When Charles Sherrod expanded SNCC’s voter registration efforts into “the rurals” of Southwest Georgia in 1962, Mrs. Carolyn Daniels, then a 33-year-old single mother, took them in. She lived and owned a beauty shop in Dawson, the county seat of Terrell County, nicknamed “Terrible Terrell.” From the beginning of this work, she stood up to an onslaught of harassment and terror from white vigilantes. The unwavering support of local people, like Mrs. Daniels, was the foundation on which SNCC’s grassroots work rested everywhere in the South.
Carolyn Daniels’ son, Roy, a student at Carver High School, brought his mother into the Movement. It started when he asked if Charles Sherrod, director of SNCC’s Southwest Georgia project, could stay at their house for a few nights, and the two pressed Daniels to hold a meeting at her church, ATOC A.M.E. Then Roy brought a woman to the Terrell County courthouse to try and register, and he was attacked and beaten by Sheriff Z.T. Matthews. That was the day Mrs. Daniels became a movement stalwart. “The thing I couldn’t get over was that Roy was just a youngster who didn’t bother anybody, yet he couldn’t go into the courthouse, a public building without the sheriff slapping and kicking him. And I was a taxpayer.” Like SNCC organizers witnessed time and again, when young people got involved, their parents and the community followed.
Being a beautician and owning her own shop gave Mrs. Daniels independence. She had first bought land in Dawson, then built her shop, and when she had earned enough from doing hair, she built her own house. “Since I owned my own home and business,” she explained, “I was free to do what I chose.”
Carolyn Daniels began walking the county’s backroads with Sherrod, urging people to register to vote. At church meetings, she taught people how to fill out voter registration forms; she also organized citizenship classes, supported by SCLC. Although terrorists burned down movement churches in Terrell and neighboring Lee counties during the summer of 1962, Mrs. Daniels continued her voter education classes in makeshift tents.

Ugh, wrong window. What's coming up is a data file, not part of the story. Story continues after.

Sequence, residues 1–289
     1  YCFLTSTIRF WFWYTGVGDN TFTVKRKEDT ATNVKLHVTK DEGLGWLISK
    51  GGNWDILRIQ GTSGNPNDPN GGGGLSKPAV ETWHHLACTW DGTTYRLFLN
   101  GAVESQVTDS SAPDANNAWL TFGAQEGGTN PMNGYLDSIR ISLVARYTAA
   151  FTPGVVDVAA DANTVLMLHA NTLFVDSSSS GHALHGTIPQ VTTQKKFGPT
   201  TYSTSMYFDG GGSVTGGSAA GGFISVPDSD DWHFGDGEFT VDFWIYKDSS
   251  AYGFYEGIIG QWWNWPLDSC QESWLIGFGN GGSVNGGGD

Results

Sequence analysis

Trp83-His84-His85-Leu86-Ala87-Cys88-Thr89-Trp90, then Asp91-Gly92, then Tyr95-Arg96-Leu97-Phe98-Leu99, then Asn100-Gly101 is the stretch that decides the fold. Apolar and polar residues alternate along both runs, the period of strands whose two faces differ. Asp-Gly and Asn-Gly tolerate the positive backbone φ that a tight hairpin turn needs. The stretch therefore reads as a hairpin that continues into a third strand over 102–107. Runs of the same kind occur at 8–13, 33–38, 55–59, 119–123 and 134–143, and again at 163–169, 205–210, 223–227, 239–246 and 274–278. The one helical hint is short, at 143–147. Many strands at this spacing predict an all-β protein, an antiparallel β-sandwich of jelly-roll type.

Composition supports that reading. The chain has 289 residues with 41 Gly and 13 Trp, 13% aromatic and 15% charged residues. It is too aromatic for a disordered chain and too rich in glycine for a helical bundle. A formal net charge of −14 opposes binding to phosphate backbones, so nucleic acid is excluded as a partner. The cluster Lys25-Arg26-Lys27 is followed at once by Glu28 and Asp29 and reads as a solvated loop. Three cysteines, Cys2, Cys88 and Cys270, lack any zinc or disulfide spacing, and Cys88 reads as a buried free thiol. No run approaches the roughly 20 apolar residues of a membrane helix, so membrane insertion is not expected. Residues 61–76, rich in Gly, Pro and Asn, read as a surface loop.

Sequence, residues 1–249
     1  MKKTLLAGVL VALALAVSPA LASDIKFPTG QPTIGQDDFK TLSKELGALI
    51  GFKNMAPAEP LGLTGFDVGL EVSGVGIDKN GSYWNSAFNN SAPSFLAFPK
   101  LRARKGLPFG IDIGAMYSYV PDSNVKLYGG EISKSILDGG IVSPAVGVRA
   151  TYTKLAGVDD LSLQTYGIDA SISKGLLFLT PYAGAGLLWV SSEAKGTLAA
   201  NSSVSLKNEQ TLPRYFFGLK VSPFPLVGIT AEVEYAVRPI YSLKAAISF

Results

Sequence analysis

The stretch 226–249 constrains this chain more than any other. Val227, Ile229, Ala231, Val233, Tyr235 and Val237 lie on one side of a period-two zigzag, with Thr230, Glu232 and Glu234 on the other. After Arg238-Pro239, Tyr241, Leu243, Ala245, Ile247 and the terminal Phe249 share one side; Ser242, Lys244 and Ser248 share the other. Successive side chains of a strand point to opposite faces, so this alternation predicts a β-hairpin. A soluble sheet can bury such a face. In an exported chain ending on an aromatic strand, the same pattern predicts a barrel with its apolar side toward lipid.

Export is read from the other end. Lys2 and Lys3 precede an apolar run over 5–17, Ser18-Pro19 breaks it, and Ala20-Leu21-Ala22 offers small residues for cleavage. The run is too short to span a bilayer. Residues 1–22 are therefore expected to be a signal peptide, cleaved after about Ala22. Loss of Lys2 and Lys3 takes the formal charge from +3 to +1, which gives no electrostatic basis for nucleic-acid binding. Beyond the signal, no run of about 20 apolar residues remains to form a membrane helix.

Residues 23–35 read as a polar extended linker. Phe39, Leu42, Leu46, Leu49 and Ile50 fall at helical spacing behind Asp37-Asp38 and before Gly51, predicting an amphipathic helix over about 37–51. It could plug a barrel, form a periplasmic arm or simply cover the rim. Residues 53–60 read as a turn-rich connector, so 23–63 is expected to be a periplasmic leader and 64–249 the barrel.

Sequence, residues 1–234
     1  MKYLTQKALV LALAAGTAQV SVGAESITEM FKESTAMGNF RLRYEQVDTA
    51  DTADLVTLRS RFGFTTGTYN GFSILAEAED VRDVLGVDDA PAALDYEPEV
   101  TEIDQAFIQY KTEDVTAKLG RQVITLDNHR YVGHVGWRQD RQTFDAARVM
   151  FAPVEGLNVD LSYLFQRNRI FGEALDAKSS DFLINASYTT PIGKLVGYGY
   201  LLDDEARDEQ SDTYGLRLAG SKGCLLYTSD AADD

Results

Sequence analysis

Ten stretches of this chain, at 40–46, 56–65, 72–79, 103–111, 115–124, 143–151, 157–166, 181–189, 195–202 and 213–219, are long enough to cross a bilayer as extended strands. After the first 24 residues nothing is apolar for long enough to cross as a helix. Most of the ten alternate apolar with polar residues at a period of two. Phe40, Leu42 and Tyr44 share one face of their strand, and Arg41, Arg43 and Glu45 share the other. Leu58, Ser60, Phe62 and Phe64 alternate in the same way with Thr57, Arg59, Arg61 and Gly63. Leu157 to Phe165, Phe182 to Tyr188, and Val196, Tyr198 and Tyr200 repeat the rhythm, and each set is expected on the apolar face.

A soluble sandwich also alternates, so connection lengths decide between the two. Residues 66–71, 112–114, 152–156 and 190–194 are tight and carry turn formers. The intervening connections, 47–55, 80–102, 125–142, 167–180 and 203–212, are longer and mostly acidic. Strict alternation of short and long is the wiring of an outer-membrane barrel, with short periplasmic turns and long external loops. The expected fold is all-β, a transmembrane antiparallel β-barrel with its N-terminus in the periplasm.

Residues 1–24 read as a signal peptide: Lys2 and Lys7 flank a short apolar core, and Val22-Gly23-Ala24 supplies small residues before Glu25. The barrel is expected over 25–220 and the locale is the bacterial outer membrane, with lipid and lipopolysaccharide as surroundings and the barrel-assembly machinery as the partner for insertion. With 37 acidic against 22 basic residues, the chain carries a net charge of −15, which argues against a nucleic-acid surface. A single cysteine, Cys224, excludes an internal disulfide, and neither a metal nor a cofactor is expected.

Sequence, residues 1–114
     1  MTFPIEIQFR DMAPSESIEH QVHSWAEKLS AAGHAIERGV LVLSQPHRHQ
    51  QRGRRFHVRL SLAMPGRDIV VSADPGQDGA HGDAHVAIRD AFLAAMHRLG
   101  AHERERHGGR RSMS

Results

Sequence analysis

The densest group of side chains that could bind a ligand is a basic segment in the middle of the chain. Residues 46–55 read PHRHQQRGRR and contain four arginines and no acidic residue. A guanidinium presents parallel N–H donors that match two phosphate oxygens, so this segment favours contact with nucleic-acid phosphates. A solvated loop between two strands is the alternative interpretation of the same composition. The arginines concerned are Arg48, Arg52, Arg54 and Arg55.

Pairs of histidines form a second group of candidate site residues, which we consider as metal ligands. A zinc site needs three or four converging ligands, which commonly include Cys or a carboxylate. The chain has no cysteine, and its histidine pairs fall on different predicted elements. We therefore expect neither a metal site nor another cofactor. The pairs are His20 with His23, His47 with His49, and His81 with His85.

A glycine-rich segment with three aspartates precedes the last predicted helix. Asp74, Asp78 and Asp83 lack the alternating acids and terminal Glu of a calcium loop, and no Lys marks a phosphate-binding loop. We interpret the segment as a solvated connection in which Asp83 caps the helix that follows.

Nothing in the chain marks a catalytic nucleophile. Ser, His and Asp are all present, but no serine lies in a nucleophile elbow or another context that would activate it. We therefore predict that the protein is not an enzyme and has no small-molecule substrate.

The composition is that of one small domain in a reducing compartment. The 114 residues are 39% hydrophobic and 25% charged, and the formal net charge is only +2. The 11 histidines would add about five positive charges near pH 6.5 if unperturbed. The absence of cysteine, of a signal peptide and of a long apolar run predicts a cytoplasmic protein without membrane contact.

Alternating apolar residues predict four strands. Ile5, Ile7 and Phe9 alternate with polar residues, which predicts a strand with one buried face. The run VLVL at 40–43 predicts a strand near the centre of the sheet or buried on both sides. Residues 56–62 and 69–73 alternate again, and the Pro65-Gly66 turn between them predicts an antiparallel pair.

In September 1962, night riders fired shots into Daniels’ two-bedroom home. They wounded Jack Chatfield, a white northern volunteer, who had been in Southwest Georgia for all of two days. Mrs. Daniels continued welcoming SNCC volunteers. Prathia Hall remembered the house being filled wall-to-wall with people, and Daniels was “undisturbed by the perpetual disarray and elevated noise level of the students waging philosophical debates, holding serious strategy sessions, and their general, youthful clowning.” Daniels would lend her red and white Chevy Impala to SNCC workers, so they could drive people to the courthouse.
Attacks against her and the Movement continued. On the night of December 8, 1963, Daniels, while lying in her bed, heard a car door slam and footsteps. Then shots shattered her bedroom windows, and a bomb rolled under the bed but failed to detonate. Daniels went to the hospital to attend to her injured foot. When she came back, her house was gone. The bomb had gone off while she was out.
But Carolyn Daniels rebuilt her home and continued on. “Sherrod and the SNCC workers continued to use my house,” she said, “and we just kept going, we just kept going.”
Clayborne Carson, In Struggle: SNCC and the Black Awakening of the 1960s (Cambridge, MA: Harvard University Press, 1981).
Carolyn Daniels, “We Just Kept Going,” Hands on the Freedom Plow: Personal Accounts by Women in SNCC, edited by Faith Holsaert, et al. (Urbana: University of Illinois Press, 2010), 152 – 156.
Wesley Hogan, Many Minds, One Heart: SNCC’s Dream for a New America (Chapel Hill: University of North Carolina Press, 2007).